The Office for Contemporary Art Norway is a foundation created by The Norwegian Ministry of Culture and The Norwegian Ministry of Foreign Affairs in autumn 2001. The main aim of the Office for Contemporary Art Norway is to develop collaborations in contemporary art between Norway and the international art scene. The Office for Contemporary Art Norway aims to become a key contributor to the discourses of contemporary art.

`Alluvium', a Solo Exhibition by Morten Norbye Halvorsen at Objectif Exhibitions

Published 2013/09/03

Morten Norbye Halvorsen, Still from Vertical Belongings, 2013. Courtesy of the artist


A Solo Exhibition by
Morten Norbye Halvorsen

Curator: Chris Fitzpatrick

14 September–23 October 2013
Opening: Saturday, 14 September / 2–5pm

Objectif Exhibitions, Antwerp, Belgium

From 14 September to 23 October 2013 Objectif Exhibitions presents 'Alluvium', a solo exhibition by Morten Norbye Halvorsen, aiming to present the artist's diverse practice, consisting of sound, film, sculpture, photography, performance and the internet.

The exhibition comprises of two video projections that alternate on a single screen, surrounded by four speakers that 'fill the basement with visual and auditory images, inquiry, procedures and temporality’.

The first projection is Placer, which is 'set in an alluvial gold field in Finnmark, Norway. Tracking shots of forest foilage, sorted rocks, concave fields and other matter cuiminate with metamorphic dolomites by the Barents Sea. Both the imagery and sound operate as characters, at times, synchronised, at others, independently'. Vertical Belongings developes as a 'sequence of images slides, which morph and advance within set parameters. Two horizontal, one vertical, but all three overlaid with their configurations triggered by sounds forged in Halvorsen’s studio. This procession of dislocated information alternates with Placer on loop-cycling bits of paper, sticks, rubber, copper, mung beans, dripping acid and danceable square waves’.

A third screen is displaying Halvorsen’s project '', 'a remote repository, accessible from anywhere as an ongoing publication, "depot for rebooting and reanimating desktop sedimentation"'.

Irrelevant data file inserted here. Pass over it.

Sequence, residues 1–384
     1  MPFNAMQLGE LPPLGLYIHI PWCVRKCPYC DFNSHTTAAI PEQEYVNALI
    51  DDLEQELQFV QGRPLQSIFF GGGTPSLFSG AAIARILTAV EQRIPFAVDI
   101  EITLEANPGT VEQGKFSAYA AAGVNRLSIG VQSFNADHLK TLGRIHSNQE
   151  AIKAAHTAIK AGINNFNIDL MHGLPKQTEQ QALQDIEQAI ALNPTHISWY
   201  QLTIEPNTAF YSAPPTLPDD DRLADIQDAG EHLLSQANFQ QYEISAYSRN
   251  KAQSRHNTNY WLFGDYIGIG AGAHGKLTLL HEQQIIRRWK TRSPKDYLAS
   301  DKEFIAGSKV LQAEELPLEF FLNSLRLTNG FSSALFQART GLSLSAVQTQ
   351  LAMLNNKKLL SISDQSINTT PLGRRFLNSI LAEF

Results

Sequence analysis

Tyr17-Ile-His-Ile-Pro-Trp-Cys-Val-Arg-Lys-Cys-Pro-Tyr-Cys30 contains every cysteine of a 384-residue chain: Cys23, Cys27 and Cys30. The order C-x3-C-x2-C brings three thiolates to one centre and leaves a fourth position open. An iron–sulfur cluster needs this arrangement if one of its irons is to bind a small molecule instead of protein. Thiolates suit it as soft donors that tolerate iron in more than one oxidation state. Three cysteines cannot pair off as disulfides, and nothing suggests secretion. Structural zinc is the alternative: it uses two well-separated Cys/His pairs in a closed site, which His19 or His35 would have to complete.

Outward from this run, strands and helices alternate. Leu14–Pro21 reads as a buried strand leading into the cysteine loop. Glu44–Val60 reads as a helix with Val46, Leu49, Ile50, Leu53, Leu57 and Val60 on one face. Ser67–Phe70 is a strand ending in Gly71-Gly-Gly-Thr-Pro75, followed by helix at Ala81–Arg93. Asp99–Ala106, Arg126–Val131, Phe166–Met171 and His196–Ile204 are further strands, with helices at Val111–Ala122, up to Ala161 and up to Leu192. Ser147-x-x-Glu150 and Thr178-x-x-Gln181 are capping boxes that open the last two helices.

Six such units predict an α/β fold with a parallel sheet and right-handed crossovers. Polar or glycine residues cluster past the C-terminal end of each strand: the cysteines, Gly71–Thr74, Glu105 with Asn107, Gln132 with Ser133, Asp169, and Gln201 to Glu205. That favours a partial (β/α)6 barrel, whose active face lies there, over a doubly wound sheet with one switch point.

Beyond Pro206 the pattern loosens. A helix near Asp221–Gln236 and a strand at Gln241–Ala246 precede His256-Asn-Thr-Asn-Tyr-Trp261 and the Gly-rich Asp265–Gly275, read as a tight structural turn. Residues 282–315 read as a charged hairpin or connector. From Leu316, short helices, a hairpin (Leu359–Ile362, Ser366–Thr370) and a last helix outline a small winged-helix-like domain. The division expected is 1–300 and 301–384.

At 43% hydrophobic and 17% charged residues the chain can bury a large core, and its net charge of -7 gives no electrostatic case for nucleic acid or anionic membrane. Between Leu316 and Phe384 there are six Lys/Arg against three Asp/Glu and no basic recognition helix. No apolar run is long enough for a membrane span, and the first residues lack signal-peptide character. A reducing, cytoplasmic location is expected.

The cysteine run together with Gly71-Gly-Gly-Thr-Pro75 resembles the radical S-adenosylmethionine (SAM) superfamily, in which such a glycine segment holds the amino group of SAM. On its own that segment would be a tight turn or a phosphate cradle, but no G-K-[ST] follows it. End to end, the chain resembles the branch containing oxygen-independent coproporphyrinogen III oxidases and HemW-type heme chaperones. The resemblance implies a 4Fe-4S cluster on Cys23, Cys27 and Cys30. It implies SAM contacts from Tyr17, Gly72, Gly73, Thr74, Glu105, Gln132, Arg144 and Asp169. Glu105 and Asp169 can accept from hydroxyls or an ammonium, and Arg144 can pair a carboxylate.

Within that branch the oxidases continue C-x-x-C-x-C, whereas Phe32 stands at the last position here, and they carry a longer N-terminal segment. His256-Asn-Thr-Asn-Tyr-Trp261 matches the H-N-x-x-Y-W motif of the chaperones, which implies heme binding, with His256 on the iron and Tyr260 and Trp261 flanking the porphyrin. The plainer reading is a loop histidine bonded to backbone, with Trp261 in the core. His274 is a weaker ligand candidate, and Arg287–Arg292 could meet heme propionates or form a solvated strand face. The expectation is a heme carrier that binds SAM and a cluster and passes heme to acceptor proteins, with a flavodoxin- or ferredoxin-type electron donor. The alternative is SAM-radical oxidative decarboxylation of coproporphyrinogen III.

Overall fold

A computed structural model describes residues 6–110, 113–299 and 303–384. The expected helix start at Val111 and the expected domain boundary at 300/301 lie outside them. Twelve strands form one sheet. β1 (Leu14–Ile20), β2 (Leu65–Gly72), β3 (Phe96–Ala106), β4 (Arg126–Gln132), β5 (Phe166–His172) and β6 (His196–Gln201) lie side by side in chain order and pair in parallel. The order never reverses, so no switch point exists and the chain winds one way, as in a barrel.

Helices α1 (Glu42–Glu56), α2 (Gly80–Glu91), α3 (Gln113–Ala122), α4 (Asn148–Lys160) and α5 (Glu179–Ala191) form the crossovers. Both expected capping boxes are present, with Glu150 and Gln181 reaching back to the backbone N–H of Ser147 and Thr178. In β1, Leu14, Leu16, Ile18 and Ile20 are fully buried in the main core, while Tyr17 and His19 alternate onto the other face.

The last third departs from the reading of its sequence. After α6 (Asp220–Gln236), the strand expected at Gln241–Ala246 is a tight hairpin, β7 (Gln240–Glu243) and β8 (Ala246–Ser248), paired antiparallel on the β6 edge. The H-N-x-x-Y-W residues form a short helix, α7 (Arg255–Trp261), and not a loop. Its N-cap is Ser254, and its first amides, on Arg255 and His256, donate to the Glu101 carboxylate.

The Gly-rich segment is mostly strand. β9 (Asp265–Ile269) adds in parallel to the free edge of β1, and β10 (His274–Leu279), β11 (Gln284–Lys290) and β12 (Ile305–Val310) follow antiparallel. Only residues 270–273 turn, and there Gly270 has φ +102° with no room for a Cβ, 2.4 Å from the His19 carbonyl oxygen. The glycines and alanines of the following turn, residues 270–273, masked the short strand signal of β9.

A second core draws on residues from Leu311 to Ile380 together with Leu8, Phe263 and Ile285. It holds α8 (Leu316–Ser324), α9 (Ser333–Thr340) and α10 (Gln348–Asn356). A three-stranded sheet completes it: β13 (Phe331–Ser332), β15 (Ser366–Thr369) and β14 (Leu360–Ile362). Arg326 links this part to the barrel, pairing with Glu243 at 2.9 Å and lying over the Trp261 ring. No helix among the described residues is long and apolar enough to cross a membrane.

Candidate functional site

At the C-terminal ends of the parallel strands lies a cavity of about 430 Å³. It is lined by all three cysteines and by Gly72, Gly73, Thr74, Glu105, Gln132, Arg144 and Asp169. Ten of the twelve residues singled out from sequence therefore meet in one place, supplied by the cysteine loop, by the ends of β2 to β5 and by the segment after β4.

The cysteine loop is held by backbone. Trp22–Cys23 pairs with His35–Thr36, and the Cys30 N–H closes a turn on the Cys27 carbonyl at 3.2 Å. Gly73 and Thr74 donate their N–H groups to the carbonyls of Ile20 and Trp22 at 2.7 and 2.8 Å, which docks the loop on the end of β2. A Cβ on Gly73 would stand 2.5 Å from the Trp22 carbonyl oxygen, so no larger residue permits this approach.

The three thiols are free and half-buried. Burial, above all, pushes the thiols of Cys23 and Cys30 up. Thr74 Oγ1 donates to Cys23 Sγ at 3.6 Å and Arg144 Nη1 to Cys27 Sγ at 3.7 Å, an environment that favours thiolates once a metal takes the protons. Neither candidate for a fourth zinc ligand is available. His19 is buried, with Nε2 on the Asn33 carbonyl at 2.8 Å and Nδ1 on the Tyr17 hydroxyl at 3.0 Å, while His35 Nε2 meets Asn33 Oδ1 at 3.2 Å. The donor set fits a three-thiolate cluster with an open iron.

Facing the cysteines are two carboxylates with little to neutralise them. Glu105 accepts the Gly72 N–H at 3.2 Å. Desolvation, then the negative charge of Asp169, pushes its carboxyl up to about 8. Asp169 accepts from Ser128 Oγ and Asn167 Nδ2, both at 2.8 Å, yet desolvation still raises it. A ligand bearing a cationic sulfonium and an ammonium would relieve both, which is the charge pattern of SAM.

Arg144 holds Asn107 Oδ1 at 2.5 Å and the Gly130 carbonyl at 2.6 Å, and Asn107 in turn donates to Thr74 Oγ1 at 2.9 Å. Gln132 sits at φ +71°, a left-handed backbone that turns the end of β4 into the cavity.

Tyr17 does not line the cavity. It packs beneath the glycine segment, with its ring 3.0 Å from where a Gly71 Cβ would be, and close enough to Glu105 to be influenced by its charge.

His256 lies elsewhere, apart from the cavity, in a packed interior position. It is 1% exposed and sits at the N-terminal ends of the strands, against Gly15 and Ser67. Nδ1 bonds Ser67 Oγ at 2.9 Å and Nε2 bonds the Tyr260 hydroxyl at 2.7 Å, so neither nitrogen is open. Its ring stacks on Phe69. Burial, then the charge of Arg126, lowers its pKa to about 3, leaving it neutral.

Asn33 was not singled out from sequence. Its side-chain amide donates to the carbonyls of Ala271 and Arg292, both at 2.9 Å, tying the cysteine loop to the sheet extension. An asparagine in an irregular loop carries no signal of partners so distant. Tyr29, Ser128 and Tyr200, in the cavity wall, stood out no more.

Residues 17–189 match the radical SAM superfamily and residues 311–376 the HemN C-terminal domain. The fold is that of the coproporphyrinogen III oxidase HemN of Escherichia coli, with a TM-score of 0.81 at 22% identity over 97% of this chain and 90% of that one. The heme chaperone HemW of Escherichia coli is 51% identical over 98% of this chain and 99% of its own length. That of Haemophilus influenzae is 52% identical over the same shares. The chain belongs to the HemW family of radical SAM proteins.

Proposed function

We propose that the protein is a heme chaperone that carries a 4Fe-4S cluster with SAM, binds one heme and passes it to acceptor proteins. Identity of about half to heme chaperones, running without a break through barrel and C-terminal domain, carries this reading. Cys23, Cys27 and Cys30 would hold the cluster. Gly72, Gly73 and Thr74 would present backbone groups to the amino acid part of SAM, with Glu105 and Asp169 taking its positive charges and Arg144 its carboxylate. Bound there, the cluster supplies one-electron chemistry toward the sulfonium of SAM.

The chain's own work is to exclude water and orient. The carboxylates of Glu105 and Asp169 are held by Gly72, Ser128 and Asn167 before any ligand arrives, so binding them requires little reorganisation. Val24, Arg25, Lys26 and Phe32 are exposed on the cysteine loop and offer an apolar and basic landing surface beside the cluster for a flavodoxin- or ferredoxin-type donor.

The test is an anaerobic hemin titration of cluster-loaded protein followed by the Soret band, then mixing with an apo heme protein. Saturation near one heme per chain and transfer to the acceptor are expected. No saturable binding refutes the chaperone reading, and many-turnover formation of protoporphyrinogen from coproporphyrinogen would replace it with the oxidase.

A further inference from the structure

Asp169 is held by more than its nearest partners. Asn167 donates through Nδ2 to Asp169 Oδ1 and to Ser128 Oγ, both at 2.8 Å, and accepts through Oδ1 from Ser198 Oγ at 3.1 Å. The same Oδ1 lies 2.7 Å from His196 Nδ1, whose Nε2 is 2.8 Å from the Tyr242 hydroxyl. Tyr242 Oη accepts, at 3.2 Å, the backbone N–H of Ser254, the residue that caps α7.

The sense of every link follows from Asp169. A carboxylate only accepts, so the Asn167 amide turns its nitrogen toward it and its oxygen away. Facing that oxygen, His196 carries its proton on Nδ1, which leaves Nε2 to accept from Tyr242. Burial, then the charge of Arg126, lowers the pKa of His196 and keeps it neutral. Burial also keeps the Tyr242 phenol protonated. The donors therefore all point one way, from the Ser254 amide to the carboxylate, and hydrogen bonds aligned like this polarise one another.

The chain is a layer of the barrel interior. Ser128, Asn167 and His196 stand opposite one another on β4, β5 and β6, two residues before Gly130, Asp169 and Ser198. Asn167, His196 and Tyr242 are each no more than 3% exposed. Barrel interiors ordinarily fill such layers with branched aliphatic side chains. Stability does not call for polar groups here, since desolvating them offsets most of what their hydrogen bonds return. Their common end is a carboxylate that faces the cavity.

According to curator Chris Fitzpatrick '"Alluvium" is firmly grounded in nature. Or, perhaps less fixed than that. Erosion is, after all, a complex process of conveyance, which leaves pastoral traces, as clay, silt, sand, or gravel congeal. Water moves as it will, and reshapes the earth in its wake. Yet these currents leave other, more symbolically valuable, traces, gold and platinum ore, gemstones. Value lures other forces, whose prospection causes erosion of another sort, a material and relational choreography, explained away through mythology (by those who remain), and abandoned (by those who don’t) to be orated geologically'.

For press inquiries please contact Objectif Exhibitions at

Morten Norbye Halvorsen (b.1980 in Stavanger, Norway, lives and works in Hundvåg, Norway) is a graduate of Falmouth College of Arts, Cornwall, UK and The Trondheim Academy of Fine Art, Norway. He participated in the Lithuanian Pavilion at the 55th International Art Exhibition – la Biennale di Venezia, in Venice, Italy (2013), which was awarded with a special mention for National Participation. Among other recent exhibitions and performances are 'The Museum Problem', Frutta Gallery, Rome, Italy (2012); 'Run, Comrade, the Old World is Behind You', Kunsthall Oslo (2011); 'A Clock That Runs on Mud', Galeria Stereo, Poznan, Poland (2011); 'More or Less, A Few Pocket Universes', Gallery Augusta (HIAP), Helsinki, Finland (2011); 'Champagne Polka', Gaudel de Stampa, Paris, France (2011); 'Token Took', Chert gallery, Berlin, Germany (2011); 'Clifford Irving Show', Objectif Exhibitions, Antwerp, Belgium (2010); 'Repetition Island', Centre Pompidou, Paris (2010); 'Paper Exhibition', Artists Space, New York, NY, USA (2009) and 'Clifford Irving Show', New Langton Arts, San Francisco, CA, USA (2008).

The Office for Contemporary Art Norway is a foundation created by The Norwegian Ministry of Culture and The Norwegian Ministry of Foreign Affairs in autumn 2001. The main aim of the Office for Contemporary Art Norway is to develop collaborations in contemporary art between Norway and the international art scene. The Office for Contemporary Art Norway aims to become a key contributor to the discourses of contemporary art.